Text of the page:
By Francis Wade
YANGON - British Prime Minister David Cameron came bearing gifts to Myanmar on Friday with the announcement his government would push for the suspension of European Union sanctions. It was viewed by many observers as something of a volte-face from a country that has long been among the staunchest supporters of the block on Western trade and investment with the historically military-run country.
He made the brief Myanmar stopover, the first official visit for a Western head of government in decades, at the tail end of a tour of Japan and Southeast Asia. Prior to landing in Yangon, Cameron had told reporters in Indonesia that Britain now must reinvigorate relations with regional states, where "so much of the power in the world is going to be".
Myanmar's position among the league of nations now considered key to Britain's strategic and economic objectives shows just how dramatically perceptions of the country, until recently considered an international pariah, have evolved in recent months. The United States and EU member states have with varying degrees of caution hailed President Thein Sein's reform program, which allowed opposition leader Aung San Suu Kyi to win a seat in parliament at by-elections earlier this month.
At a press conference at Suu Kyi's house on Friday, Cameron said that the two had agreed it was "right to suspend" all sanctions on Myanmar bar the arms embargo - a decision Suu Kyi said she was "very happy" about. Suu Kyi had been a strong proponent of the sanctions as punishment for the past military regime's abysmal rights record and her support for their suspension will give new impetus to their legal removal.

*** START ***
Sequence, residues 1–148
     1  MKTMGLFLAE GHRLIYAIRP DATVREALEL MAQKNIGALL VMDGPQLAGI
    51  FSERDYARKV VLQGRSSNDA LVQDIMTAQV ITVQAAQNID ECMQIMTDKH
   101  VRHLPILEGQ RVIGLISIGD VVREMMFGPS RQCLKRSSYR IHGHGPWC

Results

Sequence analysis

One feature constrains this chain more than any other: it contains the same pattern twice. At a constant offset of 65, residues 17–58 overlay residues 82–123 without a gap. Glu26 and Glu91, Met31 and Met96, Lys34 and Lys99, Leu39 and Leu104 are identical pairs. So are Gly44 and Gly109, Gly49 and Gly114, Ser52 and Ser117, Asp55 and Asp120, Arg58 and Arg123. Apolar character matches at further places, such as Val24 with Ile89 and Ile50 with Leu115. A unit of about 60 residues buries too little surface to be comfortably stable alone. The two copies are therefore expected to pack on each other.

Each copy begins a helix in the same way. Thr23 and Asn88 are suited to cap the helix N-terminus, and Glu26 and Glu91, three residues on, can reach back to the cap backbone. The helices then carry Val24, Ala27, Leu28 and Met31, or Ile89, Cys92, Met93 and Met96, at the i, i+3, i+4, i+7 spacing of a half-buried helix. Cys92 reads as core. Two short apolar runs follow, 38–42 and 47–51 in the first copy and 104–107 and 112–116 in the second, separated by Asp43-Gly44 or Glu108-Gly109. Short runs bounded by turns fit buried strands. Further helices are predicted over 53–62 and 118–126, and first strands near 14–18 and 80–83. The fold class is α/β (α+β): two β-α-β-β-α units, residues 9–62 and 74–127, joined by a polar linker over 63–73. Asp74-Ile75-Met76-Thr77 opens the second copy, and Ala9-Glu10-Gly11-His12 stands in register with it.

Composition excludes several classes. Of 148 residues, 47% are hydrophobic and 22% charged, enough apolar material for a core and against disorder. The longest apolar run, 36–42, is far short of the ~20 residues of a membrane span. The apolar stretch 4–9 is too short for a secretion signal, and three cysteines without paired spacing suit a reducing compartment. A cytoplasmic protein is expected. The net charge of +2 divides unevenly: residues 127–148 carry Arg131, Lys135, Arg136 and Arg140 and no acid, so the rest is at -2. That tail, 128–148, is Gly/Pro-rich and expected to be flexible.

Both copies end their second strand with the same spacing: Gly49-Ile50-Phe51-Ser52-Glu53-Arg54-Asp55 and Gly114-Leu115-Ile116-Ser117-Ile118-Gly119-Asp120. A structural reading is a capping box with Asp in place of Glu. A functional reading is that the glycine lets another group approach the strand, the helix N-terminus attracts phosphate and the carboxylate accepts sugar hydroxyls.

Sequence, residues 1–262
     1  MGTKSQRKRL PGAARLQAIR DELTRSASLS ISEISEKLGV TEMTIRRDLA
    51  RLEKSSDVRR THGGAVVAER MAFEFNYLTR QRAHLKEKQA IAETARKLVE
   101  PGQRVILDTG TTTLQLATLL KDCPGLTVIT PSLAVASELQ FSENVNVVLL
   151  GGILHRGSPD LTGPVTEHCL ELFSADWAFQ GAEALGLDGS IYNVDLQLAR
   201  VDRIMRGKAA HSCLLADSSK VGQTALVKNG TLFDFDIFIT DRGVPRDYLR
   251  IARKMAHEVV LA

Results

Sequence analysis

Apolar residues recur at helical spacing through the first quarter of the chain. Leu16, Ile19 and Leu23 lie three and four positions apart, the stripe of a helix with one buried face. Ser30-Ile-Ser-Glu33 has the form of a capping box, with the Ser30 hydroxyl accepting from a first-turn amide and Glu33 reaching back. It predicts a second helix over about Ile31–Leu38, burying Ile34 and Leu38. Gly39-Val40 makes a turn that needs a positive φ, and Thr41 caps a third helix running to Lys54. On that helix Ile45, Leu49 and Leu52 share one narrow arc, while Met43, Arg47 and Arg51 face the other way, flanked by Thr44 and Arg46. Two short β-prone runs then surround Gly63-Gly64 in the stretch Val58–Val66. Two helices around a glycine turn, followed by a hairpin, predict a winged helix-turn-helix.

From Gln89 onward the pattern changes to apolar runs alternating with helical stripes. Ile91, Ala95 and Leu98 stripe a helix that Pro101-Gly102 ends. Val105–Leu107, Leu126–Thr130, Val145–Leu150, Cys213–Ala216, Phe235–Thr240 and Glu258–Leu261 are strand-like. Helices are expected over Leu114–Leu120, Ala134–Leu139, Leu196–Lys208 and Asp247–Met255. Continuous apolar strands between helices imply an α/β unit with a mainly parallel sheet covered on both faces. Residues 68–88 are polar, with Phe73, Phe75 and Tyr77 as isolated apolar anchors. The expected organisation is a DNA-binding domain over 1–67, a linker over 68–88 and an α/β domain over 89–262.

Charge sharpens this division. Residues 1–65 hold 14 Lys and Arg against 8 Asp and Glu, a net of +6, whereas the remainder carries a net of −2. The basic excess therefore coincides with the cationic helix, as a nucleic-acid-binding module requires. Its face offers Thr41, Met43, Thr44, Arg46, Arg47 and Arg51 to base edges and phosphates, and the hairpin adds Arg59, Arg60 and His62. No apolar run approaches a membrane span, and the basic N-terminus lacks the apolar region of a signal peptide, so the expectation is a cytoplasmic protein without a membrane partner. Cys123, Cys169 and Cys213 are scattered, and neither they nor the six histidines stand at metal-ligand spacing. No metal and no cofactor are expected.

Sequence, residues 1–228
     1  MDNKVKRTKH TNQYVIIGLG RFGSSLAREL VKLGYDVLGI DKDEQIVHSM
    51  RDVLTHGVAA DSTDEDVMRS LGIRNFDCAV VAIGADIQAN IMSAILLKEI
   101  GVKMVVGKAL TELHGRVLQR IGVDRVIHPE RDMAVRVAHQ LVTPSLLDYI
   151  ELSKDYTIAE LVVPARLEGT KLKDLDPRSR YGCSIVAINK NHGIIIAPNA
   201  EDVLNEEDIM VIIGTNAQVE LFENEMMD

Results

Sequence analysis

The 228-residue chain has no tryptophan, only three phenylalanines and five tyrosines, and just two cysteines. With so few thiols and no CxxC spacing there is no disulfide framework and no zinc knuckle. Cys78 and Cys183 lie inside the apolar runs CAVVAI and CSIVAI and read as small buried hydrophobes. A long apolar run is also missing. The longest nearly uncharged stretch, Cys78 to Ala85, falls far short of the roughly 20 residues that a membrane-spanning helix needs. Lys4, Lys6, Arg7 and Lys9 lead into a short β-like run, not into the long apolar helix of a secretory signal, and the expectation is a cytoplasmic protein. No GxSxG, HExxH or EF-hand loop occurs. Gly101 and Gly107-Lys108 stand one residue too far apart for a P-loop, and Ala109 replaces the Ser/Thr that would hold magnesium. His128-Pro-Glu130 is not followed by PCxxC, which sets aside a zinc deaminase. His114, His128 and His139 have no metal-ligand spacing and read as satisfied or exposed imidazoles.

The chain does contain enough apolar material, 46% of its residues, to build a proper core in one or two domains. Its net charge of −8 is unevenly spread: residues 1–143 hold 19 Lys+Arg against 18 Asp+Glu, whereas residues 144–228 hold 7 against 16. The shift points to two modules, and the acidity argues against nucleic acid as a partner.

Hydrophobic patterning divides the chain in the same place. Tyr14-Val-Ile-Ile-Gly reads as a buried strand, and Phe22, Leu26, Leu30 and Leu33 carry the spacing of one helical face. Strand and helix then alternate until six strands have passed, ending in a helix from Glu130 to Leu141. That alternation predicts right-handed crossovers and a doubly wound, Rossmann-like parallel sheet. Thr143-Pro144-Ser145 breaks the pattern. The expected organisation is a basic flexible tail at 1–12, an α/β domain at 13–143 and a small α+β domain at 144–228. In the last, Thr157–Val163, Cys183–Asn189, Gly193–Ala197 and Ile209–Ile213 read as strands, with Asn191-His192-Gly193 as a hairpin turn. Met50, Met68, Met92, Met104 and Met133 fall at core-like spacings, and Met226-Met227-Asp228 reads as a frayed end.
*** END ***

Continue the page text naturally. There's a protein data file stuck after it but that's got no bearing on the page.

While the Nobel Peace Prize laureate claimed it was "absolutely the right time" for the prime minister to visit the country, the timing is also pertinent for Cameron, who visits the region amid economic trouble at home. What now matters for Britain is a foothold in emerging markets largely insulated against what appears an increasingly likely recession in the euro zone.
Before word had spread about the Myanmar stopover, Cameron had said of his tour: "This trip is really about British business, British exports and investment from Britain into these countries, and investment from these countries into Britain."
Officially, he leaves that sentiment at Myanmar's door; behind the scenes, however, a strategy is likely being formulated for Britain and other EU states to push ahead in the race for Myanmar's untapped riches and markets. The financial crisis back home makes Myanmar - replete with cheap labor, abundant energy and five-year tax breaks for overseas companies - all the more alluring.
That said, opinion is still split on whether to overhaul EU policy towards Myanmar in the wake of this month's by-elections that saw Suu Kyi's party win 43 seats in Myanmar's 664-seat parliament. Britain had earlier steadfastly refused to join the likes of Germany in pushing for an end to sanctions. But with recent developments inside Myanmar, coupled with Cameron's surprise visit, it seems more a question of when, and not if, the EU will drop its blockade and restore trade and investment ties.